Wednesday, 10 February 2010

You get what you focus on

Undeniable in its simplicity and logic, you can’t argue with the necessity of focusing on a goal in order to achieve it. When you look at how many of our days are spent, however, it isn’t always clear what our key objectives are. So much time, so little accomplished.

One simple way of keeping focus is to track progress towards your objective. A relatively simple objective, like running a marathon, can be tracked in a spreadsheet by logging the number of miles run each day. This has two benefits:

  1. It enables you to clearly see how often you have gone out running (or not), and how much further you are able to run as you get fitter. Work objectives are no different. One delicious book I have talks about mental strength training – building up stamina with achieving goals. Wonderful!
  2. Tracking progress keeps you focused on what needs to be done. By coming back to your measurement system each day, several times a day, every week or whatever, you keep your mind tuned to what needs to be done to attain the goal. Or put more plainly - you don't forget what you should be doing!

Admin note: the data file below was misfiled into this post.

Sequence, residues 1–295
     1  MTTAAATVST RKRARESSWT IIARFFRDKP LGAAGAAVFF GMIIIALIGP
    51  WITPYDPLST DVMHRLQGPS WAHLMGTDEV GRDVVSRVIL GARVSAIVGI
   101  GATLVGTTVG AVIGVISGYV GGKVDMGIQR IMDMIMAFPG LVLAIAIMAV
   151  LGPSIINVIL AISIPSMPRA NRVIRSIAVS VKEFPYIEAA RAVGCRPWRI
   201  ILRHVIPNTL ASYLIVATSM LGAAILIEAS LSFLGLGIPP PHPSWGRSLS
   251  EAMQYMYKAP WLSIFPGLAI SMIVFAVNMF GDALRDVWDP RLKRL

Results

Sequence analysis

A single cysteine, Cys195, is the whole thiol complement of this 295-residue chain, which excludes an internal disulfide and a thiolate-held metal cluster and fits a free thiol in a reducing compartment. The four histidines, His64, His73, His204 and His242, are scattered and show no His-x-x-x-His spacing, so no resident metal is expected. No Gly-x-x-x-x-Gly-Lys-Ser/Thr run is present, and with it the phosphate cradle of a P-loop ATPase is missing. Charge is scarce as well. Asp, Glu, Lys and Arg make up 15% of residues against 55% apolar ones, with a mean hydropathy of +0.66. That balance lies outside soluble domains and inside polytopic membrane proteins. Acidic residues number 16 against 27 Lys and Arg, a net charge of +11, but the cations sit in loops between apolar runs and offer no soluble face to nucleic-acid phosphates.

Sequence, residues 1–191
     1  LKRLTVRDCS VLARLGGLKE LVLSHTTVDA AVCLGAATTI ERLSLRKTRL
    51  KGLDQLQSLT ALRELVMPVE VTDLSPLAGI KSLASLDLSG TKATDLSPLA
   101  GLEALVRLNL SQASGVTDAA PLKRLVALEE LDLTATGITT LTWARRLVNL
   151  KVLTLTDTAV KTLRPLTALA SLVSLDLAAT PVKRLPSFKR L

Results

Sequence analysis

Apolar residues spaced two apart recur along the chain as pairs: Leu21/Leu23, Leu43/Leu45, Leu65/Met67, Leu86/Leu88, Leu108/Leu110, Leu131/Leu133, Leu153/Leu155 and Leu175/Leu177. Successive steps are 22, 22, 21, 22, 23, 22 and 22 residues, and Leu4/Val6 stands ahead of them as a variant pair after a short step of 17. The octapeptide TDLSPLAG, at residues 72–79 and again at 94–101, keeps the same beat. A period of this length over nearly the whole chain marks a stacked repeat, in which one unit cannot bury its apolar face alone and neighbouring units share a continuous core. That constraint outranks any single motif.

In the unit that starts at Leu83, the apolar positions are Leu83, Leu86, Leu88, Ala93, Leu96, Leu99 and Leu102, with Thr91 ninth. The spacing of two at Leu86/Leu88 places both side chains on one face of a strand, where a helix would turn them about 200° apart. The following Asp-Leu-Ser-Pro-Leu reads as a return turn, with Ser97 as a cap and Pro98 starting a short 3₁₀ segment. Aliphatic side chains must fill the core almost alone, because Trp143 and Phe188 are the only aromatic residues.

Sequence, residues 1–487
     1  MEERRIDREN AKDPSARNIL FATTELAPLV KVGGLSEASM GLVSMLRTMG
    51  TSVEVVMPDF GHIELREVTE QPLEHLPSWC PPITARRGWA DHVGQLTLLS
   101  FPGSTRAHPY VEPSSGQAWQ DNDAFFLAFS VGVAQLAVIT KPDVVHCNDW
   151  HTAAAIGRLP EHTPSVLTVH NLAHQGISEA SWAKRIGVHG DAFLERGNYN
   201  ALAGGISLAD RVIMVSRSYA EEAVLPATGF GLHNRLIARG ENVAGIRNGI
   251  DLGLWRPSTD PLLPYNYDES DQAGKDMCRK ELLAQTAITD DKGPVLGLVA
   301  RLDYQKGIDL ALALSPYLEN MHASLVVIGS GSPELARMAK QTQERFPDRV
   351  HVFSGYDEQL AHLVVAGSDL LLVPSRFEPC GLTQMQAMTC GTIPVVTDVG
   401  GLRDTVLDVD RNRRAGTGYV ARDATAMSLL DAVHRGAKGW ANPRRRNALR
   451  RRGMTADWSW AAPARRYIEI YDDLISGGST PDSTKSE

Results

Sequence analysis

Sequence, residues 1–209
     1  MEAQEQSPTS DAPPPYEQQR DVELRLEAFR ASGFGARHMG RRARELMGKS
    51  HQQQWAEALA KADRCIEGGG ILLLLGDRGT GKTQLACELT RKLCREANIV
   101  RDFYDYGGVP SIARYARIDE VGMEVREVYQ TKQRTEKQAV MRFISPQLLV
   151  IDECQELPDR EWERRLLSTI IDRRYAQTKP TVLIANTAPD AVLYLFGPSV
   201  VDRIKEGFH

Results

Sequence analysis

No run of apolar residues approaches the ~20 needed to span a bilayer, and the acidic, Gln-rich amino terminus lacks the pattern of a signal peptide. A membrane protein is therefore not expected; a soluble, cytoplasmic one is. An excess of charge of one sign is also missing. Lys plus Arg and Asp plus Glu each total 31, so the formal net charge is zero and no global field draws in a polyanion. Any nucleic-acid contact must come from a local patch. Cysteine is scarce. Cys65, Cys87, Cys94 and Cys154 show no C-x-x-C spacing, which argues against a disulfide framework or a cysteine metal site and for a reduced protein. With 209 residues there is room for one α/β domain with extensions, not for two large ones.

More complex organisation or departmental goals need more complex systems to track and report on progress, but the principles are exactly the same - with exactly the same need to remind people what needs to be done!

Another idea is to have a checklist for your activity, whether it is preparing for running (warm up, take water, etc) or sending out a mailing (check envelope stocks, proof-read letter, etc) so that each time you come to the activity you maintain a consistently high and improving standard.

Most of us care deeply about personal and business goals - these simple steps make all the difference in achieving them.

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